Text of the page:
At the FIRST conference, James Pleger and William MacArthur from RiskIQ described a relatively new technique being used to create DNS domain names for use in phishing, spam, malware and other types of harmful Internet activity. Rather than registering their own domains, perpetrators obtain the usernames and passwords used by legitimate registrants to manage their own domains on registrars’ web portals. They can then create their own subdomains (for example badhost.realbusiness.com) and point them at the malicious hosts they control.
Subdomains registered in this way, known as “domain shadowing”, have a number advantages for the perpetrator. They may gain some credibility with potential victims from appearing to be part of a legitimate business. For incident response teams they may be harder to spot as the (original) registrant’s details are valid and the registered domain appears normal in terms of its lifecycle. RiskIO estimate that at least 27,000 registrant accounts have been compromised and used in this way. That’s a small percentage of the total number of registrants, but it seems that as much as 40% of malicious internet activity may involve shadowed domains at some stage.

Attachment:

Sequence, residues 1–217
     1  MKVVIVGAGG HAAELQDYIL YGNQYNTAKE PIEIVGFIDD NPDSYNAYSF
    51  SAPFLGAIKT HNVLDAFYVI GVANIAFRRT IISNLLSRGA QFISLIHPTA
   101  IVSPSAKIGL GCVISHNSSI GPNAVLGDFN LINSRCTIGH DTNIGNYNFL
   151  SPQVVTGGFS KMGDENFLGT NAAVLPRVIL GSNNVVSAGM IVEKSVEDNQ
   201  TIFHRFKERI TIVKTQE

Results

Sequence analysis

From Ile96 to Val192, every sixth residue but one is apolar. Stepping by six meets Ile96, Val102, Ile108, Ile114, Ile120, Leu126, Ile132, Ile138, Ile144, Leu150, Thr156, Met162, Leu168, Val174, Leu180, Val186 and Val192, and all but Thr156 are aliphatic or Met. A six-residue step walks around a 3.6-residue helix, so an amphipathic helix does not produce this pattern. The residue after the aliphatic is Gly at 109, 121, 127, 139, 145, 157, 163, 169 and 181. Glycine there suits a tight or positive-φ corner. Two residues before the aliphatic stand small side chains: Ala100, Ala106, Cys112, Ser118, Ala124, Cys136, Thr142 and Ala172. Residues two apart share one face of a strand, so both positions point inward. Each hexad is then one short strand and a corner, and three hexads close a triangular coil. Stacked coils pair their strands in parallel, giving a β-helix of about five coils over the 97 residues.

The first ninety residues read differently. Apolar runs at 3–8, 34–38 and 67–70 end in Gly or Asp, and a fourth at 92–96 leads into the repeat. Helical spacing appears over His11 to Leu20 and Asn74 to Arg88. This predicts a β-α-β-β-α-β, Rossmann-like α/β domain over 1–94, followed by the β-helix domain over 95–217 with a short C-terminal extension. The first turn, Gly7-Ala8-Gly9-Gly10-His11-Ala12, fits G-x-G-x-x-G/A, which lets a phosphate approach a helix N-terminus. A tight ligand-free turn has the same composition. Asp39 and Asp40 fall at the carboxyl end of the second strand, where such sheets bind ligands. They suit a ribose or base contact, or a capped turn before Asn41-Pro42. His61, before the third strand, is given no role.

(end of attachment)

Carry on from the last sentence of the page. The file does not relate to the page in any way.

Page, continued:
Depressing to report, domain management passwords seem to be discovered in much the same ways as any others. They may be simple enough to guess, or obtained through phishing, or reused by the same person on some less secure site than a domain name registry. The password that gives control of your domain ought to be important enough to be long and complex, not reused on other sites, and only entered into websites with great care. Better yet, if your domain registry offers two-factor authentication, or other ways of validating that you are indeed the registrant when you request changes, consider taking up that offer.